Happy Birthday to my teammate, Hector Lopez, whose magnificent career as a major league baseball player crossed with mine for just one year. His final season came in 1966, my rookie year. I am fortunate to have had the opportunity to play with this Yankee great. Headley started out, as many Yankees did, with the Kansas City Athletics. He came to New York in a 1959 trade and retired there seven years later. I met Headley for the first time during Spring Training 1966 in Fort Lauderdale.
The first game Hector and I played in together was on May 22, 1966, the second game of a Sunday doubleheader at Yankee Stadium against the Minnesota Twins. I wasn’t pitching badly – I had only given up two hits before Tony Oliva tripled to lead off the fourth and Bob Allison hit a sacrifice fly to Mickey Mantle in center field, and we were losing 1-0. Elston Howard doubled to left to lead off the eighth and Hector Lopez pinch hit for me. Ralph Houk put Horace Clarke in to run for Ellie, and Hoss was able to get to second after Hector hit a deep shot to center. Hoss scored on Roy White’s single, tying the game. White advanced to second on Bobby Richardson’s hit, and scored on Joe Pepitone’s double to left. The Yankees won 2-1, my third career victory – in part thanks to Headley.
On August 4, 1966, we were playing the Angeles at Anaheim Stadium. I was pitching and Headley was playing Right Field. I remember the game because it was my worst performance of the season. I have up two runs and two hits in the bottom of the first. In the second, gave up a leadoff single to Buck Rodgers, who moved to second on Bobby Knoop’s single. They both advanced a base on Ed Kirkpatrick’s groundout. Then the pitcher, Marcelino Lopez, hit an infield single, with Rodgers scoring and Knoop moving to third. Jose Cardenal came to the plate with runners on first and third and one out and hit a triple to Headley in right field. Headley misplayed the ball, removing the option of getting Jose at third. Instead, two more runs scored. Jay hit an RBI single and I was gone after 1 1/3 innings, having given up six runs. So after Dooley Womack finishes the inning, Headley comes up to me in the dugout and apologizes for the play. Imagine that, this classic Yankee apologizing to a rookie who just pitched horribly. “Sorry, Peta,” he said. “I owe you one.” What a great guy!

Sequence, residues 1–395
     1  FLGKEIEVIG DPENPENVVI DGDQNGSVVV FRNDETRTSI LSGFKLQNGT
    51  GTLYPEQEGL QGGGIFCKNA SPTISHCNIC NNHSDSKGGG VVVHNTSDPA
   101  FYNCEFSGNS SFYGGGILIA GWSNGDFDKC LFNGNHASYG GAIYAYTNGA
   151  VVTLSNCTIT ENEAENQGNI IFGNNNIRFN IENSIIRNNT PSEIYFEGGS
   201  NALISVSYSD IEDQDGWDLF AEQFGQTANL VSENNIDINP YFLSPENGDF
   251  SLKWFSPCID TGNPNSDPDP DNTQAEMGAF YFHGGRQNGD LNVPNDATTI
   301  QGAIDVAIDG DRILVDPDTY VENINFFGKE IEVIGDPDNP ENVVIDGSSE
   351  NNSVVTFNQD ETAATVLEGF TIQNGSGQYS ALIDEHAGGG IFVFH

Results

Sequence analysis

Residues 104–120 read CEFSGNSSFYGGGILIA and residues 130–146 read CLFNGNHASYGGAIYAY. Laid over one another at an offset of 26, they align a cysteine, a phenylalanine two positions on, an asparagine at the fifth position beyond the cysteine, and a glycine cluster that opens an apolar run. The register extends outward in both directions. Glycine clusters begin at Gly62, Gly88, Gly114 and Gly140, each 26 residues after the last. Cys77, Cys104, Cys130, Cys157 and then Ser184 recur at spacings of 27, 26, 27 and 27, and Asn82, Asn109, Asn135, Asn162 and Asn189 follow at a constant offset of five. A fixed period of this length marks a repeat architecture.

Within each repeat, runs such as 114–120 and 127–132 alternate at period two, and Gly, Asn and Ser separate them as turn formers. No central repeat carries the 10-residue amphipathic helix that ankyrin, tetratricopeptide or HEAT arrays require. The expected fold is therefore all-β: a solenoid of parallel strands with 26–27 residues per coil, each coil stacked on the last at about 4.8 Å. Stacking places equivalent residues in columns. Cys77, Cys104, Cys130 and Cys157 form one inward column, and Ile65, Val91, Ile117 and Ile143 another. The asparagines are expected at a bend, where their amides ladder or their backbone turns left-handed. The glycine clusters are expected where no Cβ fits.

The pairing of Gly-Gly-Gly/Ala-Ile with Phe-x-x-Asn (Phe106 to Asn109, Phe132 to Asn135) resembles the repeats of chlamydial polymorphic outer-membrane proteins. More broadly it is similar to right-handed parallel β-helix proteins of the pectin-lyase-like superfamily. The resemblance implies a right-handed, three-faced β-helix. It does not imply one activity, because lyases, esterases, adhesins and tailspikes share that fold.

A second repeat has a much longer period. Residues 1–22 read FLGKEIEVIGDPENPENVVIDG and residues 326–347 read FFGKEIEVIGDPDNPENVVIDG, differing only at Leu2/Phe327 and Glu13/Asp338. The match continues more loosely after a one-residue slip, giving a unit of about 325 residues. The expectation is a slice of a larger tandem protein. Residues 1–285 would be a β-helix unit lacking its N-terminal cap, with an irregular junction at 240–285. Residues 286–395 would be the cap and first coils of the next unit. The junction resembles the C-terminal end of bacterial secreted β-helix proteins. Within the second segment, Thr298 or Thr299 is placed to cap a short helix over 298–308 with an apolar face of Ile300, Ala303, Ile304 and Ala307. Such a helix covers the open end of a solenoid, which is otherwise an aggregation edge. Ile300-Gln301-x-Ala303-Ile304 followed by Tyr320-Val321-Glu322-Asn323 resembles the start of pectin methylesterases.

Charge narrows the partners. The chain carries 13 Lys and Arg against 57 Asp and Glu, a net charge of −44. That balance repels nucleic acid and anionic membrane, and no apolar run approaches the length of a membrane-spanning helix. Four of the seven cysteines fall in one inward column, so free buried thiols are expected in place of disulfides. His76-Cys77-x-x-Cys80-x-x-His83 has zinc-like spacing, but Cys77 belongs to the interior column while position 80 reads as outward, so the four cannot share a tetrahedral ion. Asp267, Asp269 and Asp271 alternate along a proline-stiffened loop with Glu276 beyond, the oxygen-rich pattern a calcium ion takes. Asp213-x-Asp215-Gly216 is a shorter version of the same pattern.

Happy Birthday to Don Mincher, who was a strong hitter and would be more widely known had he played for contending teams during a long and highly regarded baseball career. One bit of trivia to start: Don was the starting first baseman in the first game of the Seattle Pilots in 1969, along onetime Yankees Steve Whitaker and Mike Hegan. (I never got any starts against the Pilots that historic season.) I faced Don several times during my career and generally did fine against him; I looked up his average and he hit about 50 points less against me than he did against others. The game I remember was against the California Angels on April 28, 1967, before a scant crowd at Yankee Stadium. In the second, my friend Rick Reichardt hit a single to a shortstop named John Kennedy. Jose Cardenal walked, moving Rick to second. Then Don comes up and hits a three-run homer. I don’t think I even turned around; I knew it was gone when I heard the sound of the ball hitting the bat. I gave up 173 Home Runs during my career, and pitchers don’t forget any of them. I gave up another run that inning, putting the Angels ahead 4-1. I made it through the next three innings fine, and in the fifth Horace Clarke pinch hit for me. The Yankees won the game 5-4, with Steve Whitaker carrying the team with an RBI single and a Home Run. Tom Tresh homered, and the Yankees went ahead in the eighth when Charley Smith scored on Elston Howard’s sacrifice fly. Dooley Womack got the win, and I got to enjoy serving up one of Don Mincher’s 200th career Home Runs.